Last year Little Squirrel had cognitive testing. She scored well above average overall, after averaging out her extreme high scores and low scores within same categories, which is where the "atypical" features of autism come into play. Her highest score was in the spatial category on the "copying" task where she was tasked with replicating block patterns after just a few seconds to view the model. She scored 99.5%. I asked her psychiatrist what this could mean about how her brain works, since I'm always hoping for a glimpse. But just like every other useless specialist we've encountered over the years, he said mostly nothing, except to say, "Well, she has a gift." Yes, duh. No one should score that high on an evaluation. A test, yes. Evaluation, no. So ever then since I've been wondering how this "gift" might ever manifest outside of the evaluation.

Then the Minecraft obsession began. Cue block-model-copying gift. It's the perfect utilization.

She is obsessed with Mr. Stampy Cat videos on YouTube, then I noticed she is now building exact replicas of parts of his worlds. Example: She sees his bank with a pig in it; she builds one just like it. She sees his "doggy hockey rink"; she builds one just like it. But what would take me an hour, she does in 5-10 minutes. And they are exact replicas, without referring back to Mr. Stampy Cat's models.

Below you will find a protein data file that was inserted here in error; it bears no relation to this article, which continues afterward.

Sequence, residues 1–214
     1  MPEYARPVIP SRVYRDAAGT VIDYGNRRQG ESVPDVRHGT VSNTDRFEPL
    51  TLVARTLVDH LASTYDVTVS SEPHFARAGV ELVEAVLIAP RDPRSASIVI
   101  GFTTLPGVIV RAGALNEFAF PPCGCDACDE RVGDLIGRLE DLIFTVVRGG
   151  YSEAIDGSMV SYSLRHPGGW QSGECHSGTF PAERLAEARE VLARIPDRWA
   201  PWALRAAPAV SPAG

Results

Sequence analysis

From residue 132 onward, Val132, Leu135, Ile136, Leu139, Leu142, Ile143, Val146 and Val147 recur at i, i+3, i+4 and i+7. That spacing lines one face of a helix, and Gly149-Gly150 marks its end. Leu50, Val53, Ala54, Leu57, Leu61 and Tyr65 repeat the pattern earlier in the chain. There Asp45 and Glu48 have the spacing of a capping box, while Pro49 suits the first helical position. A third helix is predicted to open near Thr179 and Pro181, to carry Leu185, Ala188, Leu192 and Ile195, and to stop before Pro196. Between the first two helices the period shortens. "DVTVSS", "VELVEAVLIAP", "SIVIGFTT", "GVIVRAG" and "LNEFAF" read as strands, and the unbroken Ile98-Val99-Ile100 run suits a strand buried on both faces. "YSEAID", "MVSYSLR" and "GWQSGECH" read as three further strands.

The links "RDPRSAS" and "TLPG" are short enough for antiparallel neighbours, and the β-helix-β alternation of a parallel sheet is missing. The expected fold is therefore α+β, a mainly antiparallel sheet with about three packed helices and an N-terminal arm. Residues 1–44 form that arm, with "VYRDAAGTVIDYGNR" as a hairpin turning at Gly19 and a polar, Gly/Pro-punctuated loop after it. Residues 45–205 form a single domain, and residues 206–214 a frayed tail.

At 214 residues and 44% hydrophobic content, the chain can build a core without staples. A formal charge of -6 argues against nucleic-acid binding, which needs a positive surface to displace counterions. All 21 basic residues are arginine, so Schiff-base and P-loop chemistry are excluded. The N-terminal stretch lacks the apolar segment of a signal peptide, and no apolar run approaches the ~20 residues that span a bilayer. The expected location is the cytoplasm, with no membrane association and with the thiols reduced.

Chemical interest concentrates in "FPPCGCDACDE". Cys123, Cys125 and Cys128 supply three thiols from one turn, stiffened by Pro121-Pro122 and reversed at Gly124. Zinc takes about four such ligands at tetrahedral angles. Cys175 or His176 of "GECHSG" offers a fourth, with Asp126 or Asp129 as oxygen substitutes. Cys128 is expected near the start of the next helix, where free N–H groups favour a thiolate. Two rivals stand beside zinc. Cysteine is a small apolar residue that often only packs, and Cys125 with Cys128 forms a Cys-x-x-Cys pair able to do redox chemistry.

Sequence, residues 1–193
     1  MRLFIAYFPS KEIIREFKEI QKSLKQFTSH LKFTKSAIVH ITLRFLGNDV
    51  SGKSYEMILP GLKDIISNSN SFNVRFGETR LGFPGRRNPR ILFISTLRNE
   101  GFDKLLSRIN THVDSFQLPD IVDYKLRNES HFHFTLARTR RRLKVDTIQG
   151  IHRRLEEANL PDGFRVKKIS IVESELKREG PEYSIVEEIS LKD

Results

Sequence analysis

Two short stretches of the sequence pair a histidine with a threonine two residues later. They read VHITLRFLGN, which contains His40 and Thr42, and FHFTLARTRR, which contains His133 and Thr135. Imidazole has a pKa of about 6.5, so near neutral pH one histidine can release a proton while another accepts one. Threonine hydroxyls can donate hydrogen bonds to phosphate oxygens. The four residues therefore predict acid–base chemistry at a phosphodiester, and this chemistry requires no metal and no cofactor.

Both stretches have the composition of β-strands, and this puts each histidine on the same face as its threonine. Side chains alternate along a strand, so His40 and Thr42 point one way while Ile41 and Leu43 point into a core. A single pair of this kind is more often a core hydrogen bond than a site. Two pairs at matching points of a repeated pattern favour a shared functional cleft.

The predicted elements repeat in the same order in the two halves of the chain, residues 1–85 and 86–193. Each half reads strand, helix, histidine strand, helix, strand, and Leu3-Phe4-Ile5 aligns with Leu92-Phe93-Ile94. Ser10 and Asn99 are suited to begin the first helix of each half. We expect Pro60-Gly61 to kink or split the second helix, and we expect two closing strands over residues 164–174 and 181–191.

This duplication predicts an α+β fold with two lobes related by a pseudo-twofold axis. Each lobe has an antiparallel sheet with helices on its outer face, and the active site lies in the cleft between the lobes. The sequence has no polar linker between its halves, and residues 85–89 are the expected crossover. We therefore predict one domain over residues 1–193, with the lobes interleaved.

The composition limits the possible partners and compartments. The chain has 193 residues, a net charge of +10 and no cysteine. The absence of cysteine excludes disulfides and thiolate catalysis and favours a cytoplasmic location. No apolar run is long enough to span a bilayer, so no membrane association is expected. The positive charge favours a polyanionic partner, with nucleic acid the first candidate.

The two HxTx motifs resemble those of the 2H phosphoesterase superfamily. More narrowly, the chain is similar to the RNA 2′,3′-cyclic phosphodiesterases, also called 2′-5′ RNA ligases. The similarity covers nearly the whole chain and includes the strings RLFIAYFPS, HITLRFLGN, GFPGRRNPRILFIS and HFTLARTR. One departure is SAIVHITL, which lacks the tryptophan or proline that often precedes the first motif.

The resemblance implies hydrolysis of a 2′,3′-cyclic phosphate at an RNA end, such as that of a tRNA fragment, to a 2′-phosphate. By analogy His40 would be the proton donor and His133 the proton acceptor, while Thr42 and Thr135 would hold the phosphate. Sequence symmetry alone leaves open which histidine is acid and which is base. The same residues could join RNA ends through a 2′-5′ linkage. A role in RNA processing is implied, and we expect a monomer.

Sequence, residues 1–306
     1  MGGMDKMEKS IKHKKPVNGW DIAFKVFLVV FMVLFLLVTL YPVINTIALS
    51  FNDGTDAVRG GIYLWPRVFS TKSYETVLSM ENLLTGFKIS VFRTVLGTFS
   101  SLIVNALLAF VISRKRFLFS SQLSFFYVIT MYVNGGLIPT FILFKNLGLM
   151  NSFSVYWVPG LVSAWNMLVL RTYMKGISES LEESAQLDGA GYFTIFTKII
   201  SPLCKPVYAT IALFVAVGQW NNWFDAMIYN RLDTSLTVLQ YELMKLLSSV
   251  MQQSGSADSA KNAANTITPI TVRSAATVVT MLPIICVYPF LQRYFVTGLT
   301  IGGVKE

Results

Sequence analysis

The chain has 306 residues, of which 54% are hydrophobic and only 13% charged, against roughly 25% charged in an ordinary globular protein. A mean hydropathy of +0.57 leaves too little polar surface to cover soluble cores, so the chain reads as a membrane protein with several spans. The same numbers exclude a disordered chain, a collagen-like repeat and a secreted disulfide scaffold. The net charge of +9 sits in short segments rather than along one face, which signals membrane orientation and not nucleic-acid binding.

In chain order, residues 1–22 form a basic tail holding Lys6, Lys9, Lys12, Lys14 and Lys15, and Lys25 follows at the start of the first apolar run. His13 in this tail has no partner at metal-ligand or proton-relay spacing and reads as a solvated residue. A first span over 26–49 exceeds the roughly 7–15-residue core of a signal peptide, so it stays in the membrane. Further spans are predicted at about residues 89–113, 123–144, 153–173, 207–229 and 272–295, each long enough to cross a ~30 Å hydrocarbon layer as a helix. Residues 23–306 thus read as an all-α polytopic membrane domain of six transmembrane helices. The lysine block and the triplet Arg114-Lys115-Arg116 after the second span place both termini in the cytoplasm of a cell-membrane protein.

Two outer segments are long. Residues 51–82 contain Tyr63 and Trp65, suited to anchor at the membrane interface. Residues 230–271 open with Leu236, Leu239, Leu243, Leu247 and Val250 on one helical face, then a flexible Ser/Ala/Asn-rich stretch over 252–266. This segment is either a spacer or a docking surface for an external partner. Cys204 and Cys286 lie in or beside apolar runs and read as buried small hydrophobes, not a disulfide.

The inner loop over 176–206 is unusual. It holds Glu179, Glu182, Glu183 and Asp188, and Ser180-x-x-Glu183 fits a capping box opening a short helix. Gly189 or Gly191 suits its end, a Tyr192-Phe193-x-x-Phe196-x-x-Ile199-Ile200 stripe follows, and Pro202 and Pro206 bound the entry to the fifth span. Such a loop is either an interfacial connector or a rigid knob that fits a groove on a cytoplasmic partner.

Wednesday, October 1, 2014

Common Core, you are not our friend

What does this even mean?

Little Squirrel brought home some low scores on math assignments and tests. She tested into the superior range last year for math calculations but the format of the Common Core curriculum works against her logical, literal thinking. She couldn't make sense of the format and wrote "I don't get it" beside a lot of the problems. I didn't get it either when I helped her go through and fix the errors. I can add and subtract and solve for x, but I just can't figure out what they are asking most of the time on these pages.

I am even more opposed to Common Core now that I see how it demands that all children must learn and think the same way. It doesn't allow for any differences and appears to view different as less, or incorrect.